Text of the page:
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SEC to Hear Proposals on Order Practices

November 08, 2000|Bloomberg News

The Securities and Exchange Commission said Tuesday it will consider several proposed rules on Nov. 15 that would require greater disclosure of stock order-execution and order-routing practices.

The SEC will weigh the measures at the same open meeting at which the commission will take up controversial rule proposals on auditor independence.

"It will be a busy day," said SEC spokeswoman Joanne Bamberger. "But they're all very important investor protection issues that the staff has been studying for some time."

The order-routing proposal, as outlined by the SEC last July, has several parts. The first would require brokerages to disclose how often they fill customer stock orders from their own inventory or sell orders to other firms for execution.

A second would require stock exchange specialists, over-the-counter market makers and electronic trading networks to disclose statistical measures of their trade "execution quality" on a stock-by-stock basis.

A third would require dealers on any options exchange that remains unlinked to its counterparts to disclose when they execute an order at a price other than the best available price.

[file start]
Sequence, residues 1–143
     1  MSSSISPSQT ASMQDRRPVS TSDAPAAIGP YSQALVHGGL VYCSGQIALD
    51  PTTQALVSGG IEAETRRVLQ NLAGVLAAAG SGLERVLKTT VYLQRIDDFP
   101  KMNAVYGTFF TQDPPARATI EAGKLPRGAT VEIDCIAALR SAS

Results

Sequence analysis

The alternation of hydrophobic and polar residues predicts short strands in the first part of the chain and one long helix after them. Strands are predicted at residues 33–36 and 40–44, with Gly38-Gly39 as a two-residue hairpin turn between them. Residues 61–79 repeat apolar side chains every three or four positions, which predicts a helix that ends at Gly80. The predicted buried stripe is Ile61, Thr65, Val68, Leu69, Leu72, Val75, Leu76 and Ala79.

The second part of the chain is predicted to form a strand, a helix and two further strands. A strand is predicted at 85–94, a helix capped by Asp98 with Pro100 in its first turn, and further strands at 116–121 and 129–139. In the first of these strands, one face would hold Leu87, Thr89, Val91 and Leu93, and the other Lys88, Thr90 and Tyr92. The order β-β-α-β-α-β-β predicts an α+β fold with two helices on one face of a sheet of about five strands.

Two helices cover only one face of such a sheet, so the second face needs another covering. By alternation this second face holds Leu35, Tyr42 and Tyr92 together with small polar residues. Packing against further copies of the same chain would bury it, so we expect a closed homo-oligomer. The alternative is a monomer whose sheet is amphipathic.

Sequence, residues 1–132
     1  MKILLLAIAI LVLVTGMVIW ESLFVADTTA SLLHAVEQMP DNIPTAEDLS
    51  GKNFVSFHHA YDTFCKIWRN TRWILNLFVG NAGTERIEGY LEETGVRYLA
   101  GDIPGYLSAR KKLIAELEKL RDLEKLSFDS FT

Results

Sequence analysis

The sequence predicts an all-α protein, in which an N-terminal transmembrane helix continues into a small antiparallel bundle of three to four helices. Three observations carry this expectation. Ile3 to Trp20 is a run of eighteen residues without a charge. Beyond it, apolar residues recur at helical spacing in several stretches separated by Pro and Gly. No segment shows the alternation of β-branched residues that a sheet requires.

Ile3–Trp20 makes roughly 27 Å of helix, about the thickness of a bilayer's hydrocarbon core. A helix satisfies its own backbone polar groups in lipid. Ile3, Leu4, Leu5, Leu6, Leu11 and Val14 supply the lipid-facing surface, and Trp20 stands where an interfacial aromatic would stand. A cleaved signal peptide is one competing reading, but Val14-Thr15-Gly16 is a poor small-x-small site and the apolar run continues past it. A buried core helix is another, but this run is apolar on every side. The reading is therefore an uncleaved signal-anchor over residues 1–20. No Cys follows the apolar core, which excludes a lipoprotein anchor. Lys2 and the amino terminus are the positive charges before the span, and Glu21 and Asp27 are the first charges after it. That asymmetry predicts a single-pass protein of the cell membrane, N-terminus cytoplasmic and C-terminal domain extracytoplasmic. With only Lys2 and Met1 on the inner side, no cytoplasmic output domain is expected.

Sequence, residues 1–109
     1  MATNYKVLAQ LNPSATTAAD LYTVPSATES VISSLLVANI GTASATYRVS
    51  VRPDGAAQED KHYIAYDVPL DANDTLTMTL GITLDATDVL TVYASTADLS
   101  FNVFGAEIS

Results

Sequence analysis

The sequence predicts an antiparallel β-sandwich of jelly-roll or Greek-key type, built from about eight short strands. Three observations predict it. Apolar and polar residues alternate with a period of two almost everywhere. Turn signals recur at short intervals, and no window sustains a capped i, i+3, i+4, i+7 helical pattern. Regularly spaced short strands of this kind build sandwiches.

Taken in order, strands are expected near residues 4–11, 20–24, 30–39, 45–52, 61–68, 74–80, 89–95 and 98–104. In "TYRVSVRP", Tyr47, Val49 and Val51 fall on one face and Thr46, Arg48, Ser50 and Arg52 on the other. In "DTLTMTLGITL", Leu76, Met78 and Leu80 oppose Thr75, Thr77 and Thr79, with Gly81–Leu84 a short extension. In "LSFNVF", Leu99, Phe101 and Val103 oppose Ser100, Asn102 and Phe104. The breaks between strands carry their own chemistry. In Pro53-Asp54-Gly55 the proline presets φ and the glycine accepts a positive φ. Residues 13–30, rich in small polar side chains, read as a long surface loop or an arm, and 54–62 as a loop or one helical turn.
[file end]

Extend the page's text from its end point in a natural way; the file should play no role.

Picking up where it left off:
"I firmly believe these initiatives represent a thoughtful and flexible approach that reinforces the commission's bedrock principles of fair and orderly markets and investor protection," SEC Chairman Arthur Levitt said when the commission proposed the rules in July.

The first proposal would require brokerages to post on the Internet quarterly reports on the percentage of customer orders that they route to different venues for execution. These reports also would disclose whether the brokerages pay firms under what are called "internalization" or "payment-for-order-flow" arrangements.

"Internalization" is a practice in which firms use their own stock to fill customer orders. Payment for order flow occurs when brokers sell customer orders to other firms for execution. Levitt has said both practices can prevent investors from getting the best possible prices when they buy or sell.

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